The relationship between your IP, web host, and domain registrar can be very confusing, but a website owner must understand the role of each. Most importantly, the web client needs to have access to their domain registrar, or potentially risk the loss of your domain name! The entities are…
It’s your site, and it should look the way you want it to, right? Wrong. The site should be designed for the web visitor/customer; not the boss.
Yes, you should be happy with the design, but the site isn’t supposed to sell you—it’s supposed to sell your target market. You’re already convinced of the merits of your products or services, but your market needs to be convinced.
Before we start our series of common web mistakes, I should probably share the story of my first site. They say that experience helps us avoid mistakes, but mistakes are how we gain experience. So this is a tale of how I became “experienced!”
In 1996, after several years of building and running a handheld computing forum on AOL, I decided to apply my online “expertise” to my own manufacturing company. While I did avoid a number of still-common web design mistakes, I did make one—I designed for the owner rather than the audience.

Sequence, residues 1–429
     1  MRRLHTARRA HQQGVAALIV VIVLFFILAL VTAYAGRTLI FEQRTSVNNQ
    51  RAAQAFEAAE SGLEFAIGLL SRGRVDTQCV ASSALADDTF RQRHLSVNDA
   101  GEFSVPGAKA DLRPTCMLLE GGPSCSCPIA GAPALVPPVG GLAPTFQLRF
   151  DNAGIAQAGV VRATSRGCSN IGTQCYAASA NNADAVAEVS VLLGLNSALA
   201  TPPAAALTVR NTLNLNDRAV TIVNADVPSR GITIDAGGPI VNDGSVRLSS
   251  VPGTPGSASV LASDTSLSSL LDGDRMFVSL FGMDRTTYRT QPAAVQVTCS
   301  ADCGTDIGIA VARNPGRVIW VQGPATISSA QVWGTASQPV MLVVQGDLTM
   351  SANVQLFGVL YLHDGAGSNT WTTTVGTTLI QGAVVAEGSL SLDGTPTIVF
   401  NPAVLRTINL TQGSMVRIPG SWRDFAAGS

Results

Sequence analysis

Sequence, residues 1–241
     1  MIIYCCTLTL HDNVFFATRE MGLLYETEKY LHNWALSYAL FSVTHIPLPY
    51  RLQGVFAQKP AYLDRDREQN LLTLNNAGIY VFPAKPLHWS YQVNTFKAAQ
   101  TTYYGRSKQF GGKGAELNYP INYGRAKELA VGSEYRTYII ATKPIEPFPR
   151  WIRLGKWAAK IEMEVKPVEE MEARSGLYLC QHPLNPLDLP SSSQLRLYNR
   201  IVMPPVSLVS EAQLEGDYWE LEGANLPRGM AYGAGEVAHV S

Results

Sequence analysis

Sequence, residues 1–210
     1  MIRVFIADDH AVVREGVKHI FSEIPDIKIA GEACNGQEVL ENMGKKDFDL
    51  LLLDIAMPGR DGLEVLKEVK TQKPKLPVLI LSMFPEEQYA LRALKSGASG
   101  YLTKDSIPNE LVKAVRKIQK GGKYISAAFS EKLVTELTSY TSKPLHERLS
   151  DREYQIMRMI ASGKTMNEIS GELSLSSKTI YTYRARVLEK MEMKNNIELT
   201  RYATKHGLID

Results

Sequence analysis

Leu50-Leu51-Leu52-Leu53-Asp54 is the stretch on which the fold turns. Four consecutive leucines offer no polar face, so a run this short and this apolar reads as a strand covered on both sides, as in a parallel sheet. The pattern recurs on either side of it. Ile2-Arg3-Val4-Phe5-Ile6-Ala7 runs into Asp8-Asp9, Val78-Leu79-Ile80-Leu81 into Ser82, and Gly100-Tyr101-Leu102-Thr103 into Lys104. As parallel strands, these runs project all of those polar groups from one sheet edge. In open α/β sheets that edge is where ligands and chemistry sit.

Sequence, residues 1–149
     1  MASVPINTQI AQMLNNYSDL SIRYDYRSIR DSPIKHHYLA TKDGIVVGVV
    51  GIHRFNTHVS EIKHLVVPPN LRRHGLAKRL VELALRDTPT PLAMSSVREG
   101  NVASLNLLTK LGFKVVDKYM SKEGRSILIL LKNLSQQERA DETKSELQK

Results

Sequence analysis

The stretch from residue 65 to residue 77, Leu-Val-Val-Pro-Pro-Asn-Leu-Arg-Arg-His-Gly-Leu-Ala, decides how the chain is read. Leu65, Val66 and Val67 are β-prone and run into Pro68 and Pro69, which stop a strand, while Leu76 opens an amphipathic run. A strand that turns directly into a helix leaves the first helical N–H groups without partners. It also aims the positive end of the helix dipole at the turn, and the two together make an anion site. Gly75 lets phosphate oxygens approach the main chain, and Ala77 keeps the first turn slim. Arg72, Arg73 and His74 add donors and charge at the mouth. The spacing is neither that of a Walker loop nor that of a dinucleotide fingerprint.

In the past, we’ve made mistakes, and learned from them. Mistakes aren’t bad – just try to learn quickly.
“It’s important that nobody gets mad at you for screwing up,” says Lee Unkrich, director of Toy Story 3 in an article on Pixar in Wired. “We know screwups are an essential part of making something good. That’s why our goal is to screw up as fast as possible.”
So here are four common website mistakes that we’ll explore in subsequent posts:
1. Designing the site for the owner rather than the audience.
2. Too much on the home page.
3. Splash page and focusing on animations rather than good content.
4. The “ghost town” web site last updated 2006.
Intended for clients, this blog will make suggestions on social media, web development, content management systems, graphic design, logos and corporate ID, and marketing. We will refrain from any techno-speak–this blog will be about current and potential clients.
We hope you will find our posts helpful and thought-provoking.